GE sees a strong trend of “data commoditization and lower level knowledge.”  Today, everyone has access to lots of data and information.  Future market and technical differentiation will be centered around decision making, learning what data to forget/discard and what to retain/remember.  

Managing the onslaught of incoming real time data (monitoring status, alarms and measurements) will be critical in the industrial world.  Smarter and faster edge devices that monitor complex real time systems and make decisions what data to retain and what to push back (to the cloud/data center) for number crunching.

Cisco sees a huge industrial customer demand for collecting large amounts of data.  They believe decision making is needed at the network edge – to only send relevant data to the cloud for processing.  “Make decisions locally, by smart devices at the edge of the network,” said Cisco’s Nate D’Anna.

GE sees the context of data becoming more important than the data itself, said Joseph Salvo of GE’s Complex Systems Engineering Laboratory.  There’s a need for data storage centers to only retain relevant data from connected devices with most of it discarded at the network edge.  This seems identical to Cisco’s view expressed above.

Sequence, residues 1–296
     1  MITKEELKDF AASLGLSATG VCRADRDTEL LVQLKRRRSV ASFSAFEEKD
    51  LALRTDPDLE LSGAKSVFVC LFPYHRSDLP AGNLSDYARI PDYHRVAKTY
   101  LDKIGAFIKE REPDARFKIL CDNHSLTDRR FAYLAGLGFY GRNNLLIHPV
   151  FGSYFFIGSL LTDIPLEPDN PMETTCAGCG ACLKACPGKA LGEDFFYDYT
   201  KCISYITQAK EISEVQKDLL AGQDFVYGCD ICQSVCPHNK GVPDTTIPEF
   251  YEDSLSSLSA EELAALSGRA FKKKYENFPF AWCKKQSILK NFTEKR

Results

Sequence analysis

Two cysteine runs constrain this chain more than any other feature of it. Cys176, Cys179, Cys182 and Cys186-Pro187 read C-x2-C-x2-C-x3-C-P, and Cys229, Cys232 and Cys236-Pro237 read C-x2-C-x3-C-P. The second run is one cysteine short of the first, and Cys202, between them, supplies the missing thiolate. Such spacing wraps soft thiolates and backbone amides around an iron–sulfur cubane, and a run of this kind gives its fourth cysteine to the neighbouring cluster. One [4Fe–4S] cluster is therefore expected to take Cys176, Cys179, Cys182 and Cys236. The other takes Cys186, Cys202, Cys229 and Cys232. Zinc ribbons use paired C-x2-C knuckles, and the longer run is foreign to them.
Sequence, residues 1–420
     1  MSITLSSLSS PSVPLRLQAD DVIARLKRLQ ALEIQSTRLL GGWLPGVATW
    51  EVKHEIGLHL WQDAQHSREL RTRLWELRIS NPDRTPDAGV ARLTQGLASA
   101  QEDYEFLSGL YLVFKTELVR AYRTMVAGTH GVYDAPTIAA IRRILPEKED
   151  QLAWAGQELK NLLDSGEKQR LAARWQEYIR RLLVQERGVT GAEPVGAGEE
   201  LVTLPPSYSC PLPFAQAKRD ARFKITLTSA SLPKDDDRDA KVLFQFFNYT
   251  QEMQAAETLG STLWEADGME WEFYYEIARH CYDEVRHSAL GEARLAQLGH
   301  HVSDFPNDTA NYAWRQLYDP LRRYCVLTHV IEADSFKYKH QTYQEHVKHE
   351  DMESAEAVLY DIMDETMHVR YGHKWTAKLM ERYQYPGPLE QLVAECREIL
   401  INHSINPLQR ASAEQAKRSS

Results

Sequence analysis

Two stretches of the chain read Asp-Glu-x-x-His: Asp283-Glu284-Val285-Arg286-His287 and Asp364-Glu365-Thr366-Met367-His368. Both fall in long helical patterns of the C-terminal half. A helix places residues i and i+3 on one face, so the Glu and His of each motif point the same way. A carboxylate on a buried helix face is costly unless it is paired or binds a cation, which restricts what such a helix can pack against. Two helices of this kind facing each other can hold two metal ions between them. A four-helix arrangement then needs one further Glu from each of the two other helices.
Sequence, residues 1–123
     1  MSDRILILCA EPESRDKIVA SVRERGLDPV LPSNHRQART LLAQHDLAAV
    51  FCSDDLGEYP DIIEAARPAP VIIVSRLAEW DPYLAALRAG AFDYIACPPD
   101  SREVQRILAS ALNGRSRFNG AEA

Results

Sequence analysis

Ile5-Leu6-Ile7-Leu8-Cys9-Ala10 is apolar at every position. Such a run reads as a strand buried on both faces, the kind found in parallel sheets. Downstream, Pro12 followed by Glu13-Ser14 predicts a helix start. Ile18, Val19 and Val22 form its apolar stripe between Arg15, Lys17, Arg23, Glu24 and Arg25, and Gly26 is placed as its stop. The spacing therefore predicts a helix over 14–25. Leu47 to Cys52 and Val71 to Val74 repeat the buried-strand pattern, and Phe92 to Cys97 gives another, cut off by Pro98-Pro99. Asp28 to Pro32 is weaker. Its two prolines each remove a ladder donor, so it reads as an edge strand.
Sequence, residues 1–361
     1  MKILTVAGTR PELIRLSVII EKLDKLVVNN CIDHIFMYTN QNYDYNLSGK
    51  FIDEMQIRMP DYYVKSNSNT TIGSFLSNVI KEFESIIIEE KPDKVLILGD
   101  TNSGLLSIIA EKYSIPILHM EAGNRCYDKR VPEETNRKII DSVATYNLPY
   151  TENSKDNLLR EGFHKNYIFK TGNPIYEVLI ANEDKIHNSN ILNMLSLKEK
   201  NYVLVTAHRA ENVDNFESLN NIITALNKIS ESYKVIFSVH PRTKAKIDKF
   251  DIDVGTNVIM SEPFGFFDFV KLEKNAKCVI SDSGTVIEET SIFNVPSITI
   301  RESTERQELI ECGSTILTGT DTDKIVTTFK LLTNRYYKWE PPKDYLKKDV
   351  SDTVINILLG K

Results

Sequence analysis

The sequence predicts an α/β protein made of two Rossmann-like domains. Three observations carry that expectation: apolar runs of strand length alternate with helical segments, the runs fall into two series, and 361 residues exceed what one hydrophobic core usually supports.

Mr. Salvo sees a hyper-connected world with a changing role for computation and big data.  Analyzing vast amounts of data, predicting and changing system performance are the key attributes of this new computational model.  “We are at an inflection point. The next wave of productivity will connect brilliant machines and people,” he said.

Security is certainly a critical issue.  It must take into account the hardware, software, network, devices/components as well as the human factor, according to Salvo.  It must recognize the context of what’s happening in the industrial systems being monitored/controlled.  Note:  No security standards, methods or procedures were identified.

Standards help market adoption as they facilitate interoperability, mass production and lower costs.   However, there are a plethora of wireless and wire-line connectivity standards which might have to be supported for different IoT market segments.  This may create a “matrix of pain,” said one panelist.   It could be that IP (Network Layer protocol) will be the lowest common denominator that all Internet connected “things” support.  Speaking for GE, Salvo said: “The Industrial Internet wants interoperability (over vendor specific solutions).  Like USB I/O devices that auto-configure and work.”  Joe suggested that the (Industrial Internet) market will determine the best standards.  

Surprisingly, there was no discussion of the need for a robust network (for the Industrial Internet/IoT)  with lightening speed fault isolation and failure recovery.  Something that the public Internet often doesn’t provide.

GE’s Jeff Immelt:  GE believes that the Industrial IoT will accelerate the push towards Big Data.  “Industrial data is not only big, it’s the most critical and complex type of big data,” said Jeff Immelt, GE Chairman and CEO. “Observing, predicting and changing performance is how the Industrial Internet will help airlines, railroads and power plants operate at peak efficiency.”

Note on Future TiECon 2014 articles:   

Two TiECON IoT keynotes will be summarized in future articles are Proximity’s Role in the Internet of Everything (IoE) by Qualcomm and What Really Matters for IoT by IBM.